Vapour Barriers Explained

Last updated: November 15, 2023

What is a vapour barrier? Which materials are best for improving the energy efficiency of your home?

Vapour barriers (also known as vapour retarders) describes the layer used in damp proofing to stop or limit the amount of moisture that can travel through the walls, flooring, or ceiling.

This is done to prevent condensation in cavities which can lead to rotting or mould.

Vapour barriers can also improve the energy efficiency of your home.

However, there is often a lot of confusion as to what the best material is to use for vapour barriers, whether you need it or not, as well as the different terms used to describe vapour barriers.

So in this guide, we’ll explore all of these frequently asked questions.

How does a vapour barrier work?

A vapour barrier controls the movement of moisture through a structure.

In colder climates moisture will diffuse and travel from the warm interior of your home through the structure until it hits a surface colder than the dew point where it will then condense and ultimately become a damp problem.

The opposite can happen in summer and in warm climates when moistures travels from the outside in.

We are used to seeing condensation on windows but the same will happen on walls, floorings and ceilings.

Note that is almost impossible to fully stop vapour diffusion, thus the once common term vapour barrier is a misnomer. You may now see the term vapour retarders used instead.

Where does water vapour in our homes come from?

Water vapour is invisible and is caused by our day to day activities, like drying clothes, showering, cooking and the simple act of breathing all cause moisture in our homes.

You can of course reduce moisture inside by changing your habits, such as ventilating your kitchen and bathroom and not drying washing on radiators. However, it is impossible to completely rid your home of moisture in the air.

In the past we have always been taught to tackle condensation and moisture in our home through ventilation.

The problem with this however means, in cold climates we are letting the warm air out of our homes when our homes now more than ever need to be more energy efficient.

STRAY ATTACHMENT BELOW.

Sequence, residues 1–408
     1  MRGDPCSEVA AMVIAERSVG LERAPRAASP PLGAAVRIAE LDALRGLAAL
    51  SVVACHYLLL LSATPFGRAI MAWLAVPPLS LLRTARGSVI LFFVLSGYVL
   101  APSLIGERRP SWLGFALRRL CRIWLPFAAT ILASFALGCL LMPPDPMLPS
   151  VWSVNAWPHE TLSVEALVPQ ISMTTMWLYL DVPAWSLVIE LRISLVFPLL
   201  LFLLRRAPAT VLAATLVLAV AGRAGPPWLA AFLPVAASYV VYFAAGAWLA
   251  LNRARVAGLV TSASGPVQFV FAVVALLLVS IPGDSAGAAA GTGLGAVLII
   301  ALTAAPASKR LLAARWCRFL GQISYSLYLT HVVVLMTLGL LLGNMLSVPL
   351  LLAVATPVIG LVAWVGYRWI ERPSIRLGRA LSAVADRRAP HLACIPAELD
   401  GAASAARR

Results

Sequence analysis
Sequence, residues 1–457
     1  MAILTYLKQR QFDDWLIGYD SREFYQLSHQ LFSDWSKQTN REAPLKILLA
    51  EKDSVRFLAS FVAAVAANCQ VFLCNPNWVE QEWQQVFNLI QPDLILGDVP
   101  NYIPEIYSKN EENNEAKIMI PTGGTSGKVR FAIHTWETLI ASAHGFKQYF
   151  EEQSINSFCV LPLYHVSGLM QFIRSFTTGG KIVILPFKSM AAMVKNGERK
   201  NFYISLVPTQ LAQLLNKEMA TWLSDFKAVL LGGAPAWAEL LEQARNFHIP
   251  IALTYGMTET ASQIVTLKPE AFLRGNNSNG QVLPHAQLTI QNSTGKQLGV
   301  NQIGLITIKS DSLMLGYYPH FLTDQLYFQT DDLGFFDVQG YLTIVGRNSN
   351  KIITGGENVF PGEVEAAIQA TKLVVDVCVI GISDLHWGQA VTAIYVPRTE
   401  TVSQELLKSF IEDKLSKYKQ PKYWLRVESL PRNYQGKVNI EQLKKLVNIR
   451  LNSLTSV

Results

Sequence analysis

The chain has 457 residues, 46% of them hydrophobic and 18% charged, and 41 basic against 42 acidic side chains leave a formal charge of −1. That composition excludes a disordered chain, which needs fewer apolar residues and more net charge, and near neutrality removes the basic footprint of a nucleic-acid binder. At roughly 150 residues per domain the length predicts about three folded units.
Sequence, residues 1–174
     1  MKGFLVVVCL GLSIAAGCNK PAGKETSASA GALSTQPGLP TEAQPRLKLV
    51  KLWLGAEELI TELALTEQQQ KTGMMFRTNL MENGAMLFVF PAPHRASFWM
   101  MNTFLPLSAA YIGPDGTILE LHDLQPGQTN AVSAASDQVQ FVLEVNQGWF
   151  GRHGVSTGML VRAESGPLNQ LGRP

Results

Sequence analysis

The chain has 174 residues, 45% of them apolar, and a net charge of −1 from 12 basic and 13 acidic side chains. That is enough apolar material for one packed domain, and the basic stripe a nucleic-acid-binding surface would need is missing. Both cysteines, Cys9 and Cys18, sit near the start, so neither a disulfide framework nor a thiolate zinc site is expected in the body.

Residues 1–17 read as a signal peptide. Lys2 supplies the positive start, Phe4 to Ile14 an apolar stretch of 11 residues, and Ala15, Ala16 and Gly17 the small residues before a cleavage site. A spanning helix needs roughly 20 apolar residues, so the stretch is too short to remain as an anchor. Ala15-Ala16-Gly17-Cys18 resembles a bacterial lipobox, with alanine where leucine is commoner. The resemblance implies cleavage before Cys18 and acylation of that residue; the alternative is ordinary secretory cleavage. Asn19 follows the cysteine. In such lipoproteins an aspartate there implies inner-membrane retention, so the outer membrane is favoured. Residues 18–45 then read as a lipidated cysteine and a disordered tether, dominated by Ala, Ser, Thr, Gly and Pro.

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Do I need a vapour barrier?

In the UK and other colder climates where winter temperatures can get colder than 4 degrees you should always install a vapour barrier on the inside of interior insulation.

If you live in a warmer climate the vapour barrier should be on the outside side of the installation.

It is however a good idea to consult your local building code as if installed on the wrong side in a certain climates a vapour barrier could end up trapping moisture leading to damp and rot within the walls and roofing.

Note: Some insulation will come with a vapour resistant layer in which case the gaps should be sealed with special vapour barrier tape.

What is the best material for a vapour barrier?

There are many materials that can be used as a vapour barriers.

Which you choose will come down to which is best for your climate.

Vapour retarders are classified by how permeable they are, and colder climates will want the least permeable material.

The International Residential Code (IRC) classes vapour retarders into class l, class ll or class lll based on their permeability.

The lower the permeability the less water vapour can travel through. Class l is 0.1 perms or less.

Class I vapor retarders (0.1 perms or less):

  • Glass
  • Sheet metal
  • Polyethylene sheet
  • Rubber membrane

Class II vapor retarders (greater than 0.1 perms and less than or equal to 1.0 perms):

  • Unfaced expanded or extruded polystyrene
  • 30 pound asphalt coated paper
  • Plywood
  • Bitumen coated kraft paper

Class III vapor retarders (greater than 1.0 perms and less than or equal to 10 perms):

  • Gypsum board
  • Fiberglass insulation (unfaced)
  • Cellulose insulation
  • Board lumber
  • Concrete block 
  • Brick
  • 15-pound asphalt coated paper
  • House wrap

Materials such as rigid foam insulation, reinforced plastics, aluminium and stainless steel can also be used as they are relatively water resistant but should also be sealed at the joints.

Source: U.S. Department of Energy.